Pop kings BTS, the South Korean band that broke through music’s bamboo ceiling, is having a break after 9 years. The septet have had outstanding global success and amassed, not only the most numerous, but also the most engaged fandom in music history – the BTS ’ARMY’.
This year BTS won three of the top awards at the American Music Awards, including Artist of the Year, Best Song and Best Group or Duo.
Their ‘hiatus’ means that the 7 members will have a well-earned break, after first navigating their way through the bitchy K-Pop industry in the early days, before hitting the heights of international music stardom when they hit the music mainstream around 2017.
BTS is, in no particular order, RM, Jin, V, J-Hope, Suga, Jimin and Jungkook. They all voiced their concerns at this stage of their career, and their reasons for a break, during their annual ‘Fiesta Dinner’, which is held on or around June 13 to commemorate their debut back in 2013.
RM, the groups’s leader and the only member who speaks conversational English, noted that a lot of their problems over the years stemmed from the K-Pop music machine.
“The problem with K-Pop and the whole idol system is that they don’t give you time to mature. You have to keep producing music and keep doing something. And after I get up in the morning and get makeup done there’s no time left for growth.”
The group, performing mostly in Korean-language, particularly for the first 7 years of their career, shifted their focus during the Covid pandemic and released a number of English-language pop ‘summer songs’ that became huge hits in western music markets. For those, who didn’t know BTS before then, they certainly did after the release of “Dynamite”, “Butter” and “Permission to Dance”.
But the shift in focus, away from their earlier, grittier, message-laden and critically-acclaimed releases, also drew criticism from hard core ARMY who felt the band had ‘sold out’ to the demands of the global pop market.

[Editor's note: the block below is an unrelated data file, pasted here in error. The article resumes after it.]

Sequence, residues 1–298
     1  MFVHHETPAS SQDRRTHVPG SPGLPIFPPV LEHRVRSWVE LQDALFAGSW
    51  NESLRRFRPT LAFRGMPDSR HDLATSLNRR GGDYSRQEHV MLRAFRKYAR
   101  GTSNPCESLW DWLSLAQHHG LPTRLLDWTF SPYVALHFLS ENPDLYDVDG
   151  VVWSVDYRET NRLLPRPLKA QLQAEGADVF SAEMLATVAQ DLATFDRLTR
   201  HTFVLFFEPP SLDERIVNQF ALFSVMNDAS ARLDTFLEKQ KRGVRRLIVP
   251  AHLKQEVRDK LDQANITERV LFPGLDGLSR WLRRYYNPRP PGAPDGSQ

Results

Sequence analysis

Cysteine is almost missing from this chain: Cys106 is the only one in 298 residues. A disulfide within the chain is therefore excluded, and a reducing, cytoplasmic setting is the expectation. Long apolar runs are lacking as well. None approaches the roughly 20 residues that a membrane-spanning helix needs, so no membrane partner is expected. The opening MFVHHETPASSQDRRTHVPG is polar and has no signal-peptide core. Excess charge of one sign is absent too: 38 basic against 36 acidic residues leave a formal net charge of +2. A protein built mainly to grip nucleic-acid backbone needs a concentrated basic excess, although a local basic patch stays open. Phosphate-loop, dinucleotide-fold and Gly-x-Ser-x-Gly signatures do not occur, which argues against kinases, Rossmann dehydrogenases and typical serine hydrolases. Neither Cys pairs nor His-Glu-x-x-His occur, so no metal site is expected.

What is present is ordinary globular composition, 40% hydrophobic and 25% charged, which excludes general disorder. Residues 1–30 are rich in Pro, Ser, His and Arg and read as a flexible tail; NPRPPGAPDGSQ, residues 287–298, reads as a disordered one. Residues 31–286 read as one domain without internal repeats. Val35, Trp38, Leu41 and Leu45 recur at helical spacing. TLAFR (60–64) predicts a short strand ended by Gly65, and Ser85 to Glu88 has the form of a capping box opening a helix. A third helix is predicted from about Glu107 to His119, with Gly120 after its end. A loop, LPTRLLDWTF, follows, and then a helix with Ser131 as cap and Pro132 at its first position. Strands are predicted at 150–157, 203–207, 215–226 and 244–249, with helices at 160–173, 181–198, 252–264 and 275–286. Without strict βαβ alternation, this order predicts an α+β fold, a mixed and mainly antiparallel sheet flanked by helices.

RM reflected on the constant demands, to not only keep producing music (the band have always been working on the writing and production of their work), but also doing all the things K-Pop ‘idols’ are expected to do.
“In the past, I could still balance working on music alone and doing our group promotions but now I cant do them together. It’s impossible, it just won’t work. I can’t be doing group stuff and then suddenly turning the focus to my own work like flipping a switch. I realised I need time on my own.”
Whilst BTS, and their management, insist that the break is just a hiatus and that they will be back, at some stage, the history of boybands reforming after a break is patchy.
A quick introduction to BTS if you’ve been living on the moon…
Lurking behind the decision is also the requirement for all young South Korean men to be conscripted into the army for 18 months to 2 years. Jin, the oldest member, has now run out of time, including an extension for the band from the South Korean parliament. The South Korean government has discussed a possible waiver of the requirement for K-Pop stars, but the reaction from South Koreans towards individuals who try and avoid their military service has always been negative.
And BTS have constantly voiced their desire to serve their country. But there is no doubt the timing of this break will provide opportunities for the individuals to complete their service whilst other members engage in solo projects and keep the ‘brand’ going. Certainly, their management will already have many projects ‘in the can’ ready to release over the next few years to keep banking on the most profitable music franchise in the world at this time.
BTS weaponised social media early on in their careers to build up a fan base that was impossible for bands before the days of the internet and platforms to reach out to millions of worldwide fans. Their frank, sometimes emotional, depictions of their early days, practice sessions, battles, depression and raw ambition have now populated the internet, such that they are the most exposed pop stars of all time. There are thousands of clips of them on just YouTube alone on their main channel Bangtan TV.
(BTS’s original name was Bangtan Sonyeondan, which sort of translates to bulletproof Boy Scouts)
For now, the BTS ARMY have been filling the same social media with shock and horror over the decision to have “an extended break”. But we suspect we’ll be hearing a lot more from the members over the next few years after amassing such a large, worldwide fan base.
Like The Beatles revolutionised the pop music industry in the early 60s, BTS have forced a lot of the music business to hit the reset button after the success of these 7 young men from South Korea flipped music’s old business models on its head.
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